News center
Deep expertise in sales and manufacturing strategies

Several Residents Oppose Plans For New Dog Park In Glenville

Nov 30, 2023

GREENWICH, CT — Plans for a new dog park in town received pushback from several Glenville residents this week who said they were never made aware of the project, and that the park would increase traffic and potentially lower the value of nearby homes.

The Greenwich Board of Selectmen on Thursday revisited the proposal for a new dog park in Glenville behind the Bendheim Western Greenwich Civic Center.

In a public/private partnership, Pet Pantry, a beloved local business, has pledged $30,000 to spruce up a small area off Hawthorne Street North.

First Selectman Fred Camillo, a noted dog lover and proponent of the project, said the location is already used by dog owners to some degree.

Very little would be added, except for a fourth fence to enclose the area, landscaping and plantings, benches, and some features for dogs to enjoy. A sign denoting the "Pet Pantry Community Dog Park" would be installed nearby.

In the two weeks since the proposal was first presented by the Board of Selectmen, Camillo said he has received plenty of feedback, the majority of which has been "overwhelmingly positive."

"Glenville especially had a concern about parking. Certainly, there's not going to be any more parking added," Camillo said, noting that the dog park would be utilized by Glenville residents who can walk over.

Some parking is available at the civic center, which would require a short walk up behind the building.

There's also some space to park on Hawthorne Street North, Camillo said, but the town would work with the Department of Public Works and police "to make sure that's not abused."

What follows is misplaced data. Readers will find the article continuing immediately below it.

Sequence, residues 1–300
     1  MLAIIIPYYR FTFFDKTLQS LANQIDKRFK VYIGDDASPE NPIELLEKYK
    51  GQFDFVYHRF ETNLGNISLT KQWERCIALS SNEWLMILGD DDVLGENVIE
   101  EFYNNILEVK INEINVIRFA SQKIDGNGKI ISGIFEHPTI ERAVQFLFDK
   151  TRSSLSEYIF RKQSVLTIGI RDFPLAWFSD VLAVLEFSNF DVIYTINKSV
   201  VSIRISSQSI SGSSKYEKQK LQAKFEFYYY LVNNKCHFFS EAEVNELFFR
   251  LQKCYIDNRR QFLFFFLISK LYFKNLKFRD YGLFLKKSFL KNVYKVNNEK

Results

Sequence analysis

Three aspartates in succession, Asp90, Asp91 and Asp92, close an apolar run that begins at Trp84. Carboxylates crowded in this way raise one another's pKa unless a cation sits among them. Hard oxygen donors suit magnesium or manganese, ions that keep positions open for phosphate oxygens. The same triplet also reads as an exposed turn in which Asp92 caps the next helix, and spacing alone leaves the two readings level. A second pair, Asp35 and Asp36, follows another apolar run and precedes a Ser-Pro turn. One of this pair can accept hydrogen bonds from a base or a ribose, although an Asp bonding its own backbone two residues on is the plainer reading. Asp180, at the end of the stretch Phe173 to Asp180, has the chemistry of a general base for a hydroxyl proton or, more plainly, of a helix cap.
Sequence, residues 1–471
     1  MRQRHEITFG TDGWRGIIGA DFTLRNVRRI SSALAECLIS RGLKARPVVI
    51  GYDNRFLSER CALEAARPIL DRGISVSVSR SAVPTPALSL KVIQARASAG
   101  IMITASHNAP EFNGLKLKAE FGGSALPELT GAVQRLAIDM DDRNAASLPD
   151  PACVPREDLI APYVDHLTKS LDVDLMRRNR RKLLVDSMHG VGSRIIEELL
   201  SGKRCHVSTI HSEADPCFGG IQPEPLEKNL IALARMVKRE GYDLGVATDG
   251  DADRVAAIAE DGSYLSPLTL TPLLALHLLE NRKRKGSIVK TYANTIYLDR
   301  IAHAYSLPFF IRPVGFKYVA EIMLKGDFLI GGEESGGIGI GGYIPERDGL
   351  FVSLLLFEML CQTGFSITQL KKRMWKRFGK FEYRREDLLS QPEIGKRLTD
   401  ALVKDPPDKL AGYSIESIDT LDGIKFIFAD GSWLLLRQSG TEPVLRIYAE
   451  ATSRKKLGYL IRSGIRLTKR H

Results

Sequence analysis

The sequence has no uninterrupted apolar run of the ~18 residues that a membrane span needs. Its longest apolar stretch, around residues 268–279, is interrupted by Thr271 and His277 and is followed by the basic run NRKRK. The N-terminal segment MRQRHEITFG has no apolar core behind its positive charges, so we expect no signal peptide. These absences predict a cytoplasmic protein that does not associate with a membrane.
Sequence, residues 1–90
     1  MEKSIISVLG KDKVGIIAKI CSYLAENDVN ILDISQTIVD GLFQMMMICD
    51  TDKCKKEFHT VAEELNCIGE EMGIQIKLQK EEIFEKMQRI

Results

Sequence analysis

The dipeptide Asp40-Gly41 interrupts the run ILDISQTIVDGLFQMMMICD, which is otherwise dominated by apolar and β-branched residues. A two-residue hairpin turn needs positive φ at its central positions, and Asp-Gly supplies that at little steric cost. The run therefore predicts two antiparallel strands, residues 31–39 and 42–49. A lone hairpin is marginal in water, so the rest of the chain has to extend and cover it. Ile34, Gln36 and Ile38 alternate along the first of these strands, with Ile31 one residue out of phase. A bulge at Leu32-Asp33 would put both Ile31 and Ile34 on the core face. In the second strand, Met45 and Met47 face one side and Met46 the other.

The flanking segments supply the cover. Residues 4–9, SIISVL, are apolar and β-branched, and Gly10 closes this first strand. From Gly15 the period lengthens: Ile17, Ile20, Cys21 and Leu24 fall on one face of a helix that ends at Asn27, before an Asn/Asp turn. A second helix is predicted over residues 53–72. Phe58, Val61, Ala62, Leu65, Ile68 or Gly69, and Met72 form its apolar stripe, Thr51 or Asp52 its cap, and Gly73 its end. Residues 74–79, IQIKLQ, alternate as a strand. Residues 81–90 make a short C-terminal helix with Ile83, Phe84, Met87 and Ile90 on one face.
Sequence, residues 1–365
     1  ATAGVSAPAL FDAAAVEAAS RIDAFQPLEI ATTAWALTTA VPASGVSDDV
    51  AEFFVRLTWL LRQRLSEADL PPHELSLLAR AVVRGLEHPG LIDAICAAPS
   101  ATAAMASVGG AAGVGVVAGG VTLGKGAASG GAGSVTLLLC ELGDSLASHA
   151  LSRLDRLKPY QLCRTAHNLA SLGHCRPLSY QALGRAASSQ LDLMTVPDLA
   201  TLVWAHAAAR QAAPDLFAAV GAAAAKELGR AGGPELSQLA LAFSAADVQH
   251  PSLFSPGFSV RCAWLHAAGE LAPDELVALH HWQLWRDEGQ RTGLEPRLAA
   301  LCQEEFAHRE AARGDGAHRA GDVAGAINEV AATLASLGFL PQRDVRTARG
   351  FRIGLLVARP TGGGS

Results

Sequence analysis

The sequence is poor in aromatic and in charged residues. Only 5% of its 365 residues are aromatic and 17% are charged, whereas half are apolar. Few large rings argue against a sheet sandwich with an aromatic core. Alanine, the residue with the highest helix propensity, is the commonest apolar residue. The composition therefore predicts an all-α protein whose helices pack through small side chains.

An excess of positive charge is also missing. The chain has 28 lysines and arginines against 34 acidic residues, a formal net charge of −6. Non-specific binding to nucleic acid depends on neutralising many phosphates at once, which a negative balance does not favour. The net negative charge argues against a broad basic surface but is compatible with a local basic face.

"I don't think people will leave one neighborhood to come to another one [to use the park]," Camillo added. "I think this is more for the people on the Western side of town, in keeping with our plan to have one in the center, which we do [with Grass Island], one on the Western side and one on the Eastern side."

Still, a handful of residents who live in the immediate area of the proposed dog park spoke out against the idea on Thursday.

Joanna Podewils Horan, who lives at the corner of Grey Rock Drive and Hawthorne Street North, said she often runs or walks with her dog and two-year-old child. She said parking was her biggest concern, and she believed people would not want to park at the civic center and have to walk.

Parked cars along Hawthorne Street North would decrease visibility and make it unsafe for pedestrians, she said, adding that the town's priority should be adding more sidewalks in the area and addressing public safety.

She criticized Camillo for "lackluster" communication in getting the word out on the proposal to residents.

Camillo said the plans have been public for weeks, and he's made mention of the dog park on social media, through the local media, and in his weekly newsletter.

Another neighbor, Greg Solomon, said he found out about the proposal shortly before Thursday's meeting.